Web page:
The ever fascinating internet: sifting through massive amounts of information

I have been thinking about the boys that were stuck in that cave in Thailand. According to the news the other morning, they are now all out. It reminded me of that Chilean mine rescue years ago, 2010, remember? They brought in a specially made capsule to rescue the trapped men one by one…I was up all night following along. Left a huge impression on me.

Same with these boys.

It’s heart wrenching to think about these things in concrete, tangible terms. A kid, any kid, and now all these adults, some of whom have kids, families, putting their own life on the line for a rescue mission. Working for a common cause, a desired result, coming together, sharing expertise. One rescuer died in the process of saving young lives…I think about him, and his family, too.

It’s enlightening to think about the combined efforts of so many people, often across international borders, that come together for the single purpose to save lives.

How easy has the internet made it for us to get real time, instant information? With a few clicks, you can be right there following along.

This is both good and bad. The internet has a lot of incorrect, embellished, and yes, fake news alongside the honest, professionally reported news stories.

How does one know the difference? What is true, what isn’t?

It’s something that comes up when you watch school aged kids google randomly for information, be it for homework or self-interest.

It’s tough, at times, even for well read adults, parents, to sift through the massive amount of garbage on the web.

I have no answers on how to do this. I have my methods, and I periodically change my methods. I do know this: a lot of people rely on Wikipedia, me included, for the first glimpse of something peaking an interest. I used Wiki above to link to the Chilean mine rescue. I also know that many college aged students, about half who are international visiting Canada on student visas, see no qualms in quoting Wiki in their papers and deem it official or correct.

I’m not knocking Wiki, it has a place in today’s technologically driven society, I just don’t think it belongs in a thesis, or even a school project of a specific niche. Especially not in a post-secondary institution. For example, if you were to research a type of airplane, say a Boeing, why would you go to Wiki when you can get official information directly from the Boeing website, which will also link to other, official, say manufacturing websites?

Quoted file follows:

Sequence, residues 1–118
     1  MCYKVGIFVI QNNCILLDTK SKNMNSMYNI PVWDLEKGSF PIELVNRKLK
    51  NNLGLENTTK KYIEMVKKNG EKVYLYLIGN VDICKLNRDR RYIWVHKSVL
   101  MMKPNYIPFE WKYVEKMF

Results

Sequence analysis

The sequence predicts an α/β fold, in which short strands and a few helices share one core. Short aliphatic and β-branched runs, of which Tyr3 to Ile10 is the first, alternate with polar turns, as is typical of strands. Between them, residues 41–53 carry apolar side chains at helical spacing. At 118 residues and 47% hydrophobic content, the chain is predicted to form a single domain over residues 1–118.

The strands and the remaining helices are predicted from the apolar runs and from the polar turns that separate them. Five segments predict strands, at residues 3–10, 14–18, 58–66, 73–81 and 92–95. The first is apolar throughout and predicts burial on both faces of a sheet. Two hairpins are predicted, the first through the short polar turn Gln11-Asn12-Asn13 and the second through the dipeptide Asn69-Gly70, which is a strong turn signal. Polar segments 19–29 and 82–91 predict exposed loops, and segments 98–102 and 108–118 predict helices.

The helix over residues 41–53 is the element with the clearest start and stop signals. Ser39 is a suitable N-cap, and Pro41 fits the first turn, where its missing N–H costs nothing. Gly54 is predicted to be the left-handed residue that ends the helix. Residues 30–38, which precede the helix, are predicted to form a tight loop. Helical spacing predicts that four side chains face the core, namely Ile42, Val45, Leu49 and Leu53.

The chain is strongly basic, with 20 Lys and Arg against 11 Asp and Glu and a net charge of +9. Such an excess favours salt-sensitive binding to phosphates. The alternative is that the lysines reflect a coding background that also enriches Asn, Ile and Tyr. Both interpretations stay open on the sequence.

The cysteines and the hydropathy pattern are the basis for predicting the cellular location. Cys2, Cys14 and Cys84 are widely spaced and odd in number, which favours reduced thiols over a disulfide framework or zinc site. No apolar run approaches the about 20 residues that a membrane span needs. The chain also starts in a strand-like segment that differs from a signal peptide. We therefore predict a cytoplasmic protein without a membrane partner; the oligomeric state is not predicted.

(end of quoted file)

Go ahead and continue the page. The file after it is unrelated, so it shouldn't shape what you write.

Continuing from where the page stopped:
This is the struggle with college students from the professor’s perspective, and I see this as a direct link of how the high schools allow these practices to continue. And the elementary schools preparing the kids to continue this way in high school and beyond.

Maddening.

In elementary school, providing sources of age-appropriate web content to the still very young students would eliminate the random googling in my view. I see some teachers do this now, but not all. I also see my 10 year old reduced to tears with overwhelm when she googles for her homework.

“There is too much information here”, she cries and I look at her history and feel equally overwhelmed. But I’m better equipped to sort through her stuff and after a lengthy argument discussion I finally get access to the teacher’s instructions and, lo, there are five or six links she made available for the students to use.

“How come you’re not reading these?” I ask her.

“It’s in French!” she responds unhappily.

We go through the first few sentences together where I can direct her to recognize some of the words, and with Word Reference open in another tab, she manages to get the gist figured out.

“This link is age appropriate for you and your teacher selected it because the words are recognizable at your level”, I explain.

Sigh

In the meantime, if you want some entertainment while reading (or watching) potentially depressing news on the internet, click away. There was this one story of one of the Chilean miners who had a wife and a long-term mistress, neither of the women knew about each other. The news leaked in cyberspace while the elaborate rescue was underway, and the drama evolved for the world to follow along.

Astonishing. Also maddening for those who wished for a bit of privacy…

Wonder what happened to him when he got out of the capsule. I never did check back when they all emerged from their entrapment.

Perhaps I will click around a bit after I pour myself another coffee. 😉

Here it is, the drama of the wife and the mistress.

Advertisements

3 thoughts on “The ever fascinating internet: sifting through massive amounts of information

Share your thoughts!

Fill in your details below or click an icon to log in:

WordPress.com Logo

You are commenting using your WordPress.com account. Log Out /  Change )

Google+ photo

You are commenting using your Google+ account. Log Out /  Change )

Twitter picture

You are commenting using your Twitter account. Log Out /  Change )

Facebook photo

You are commenting using your Facebook account. Log Out /  Change )

Connecting to %s

This site uses Akismet to reduce spam. Learn how your comment data is processed.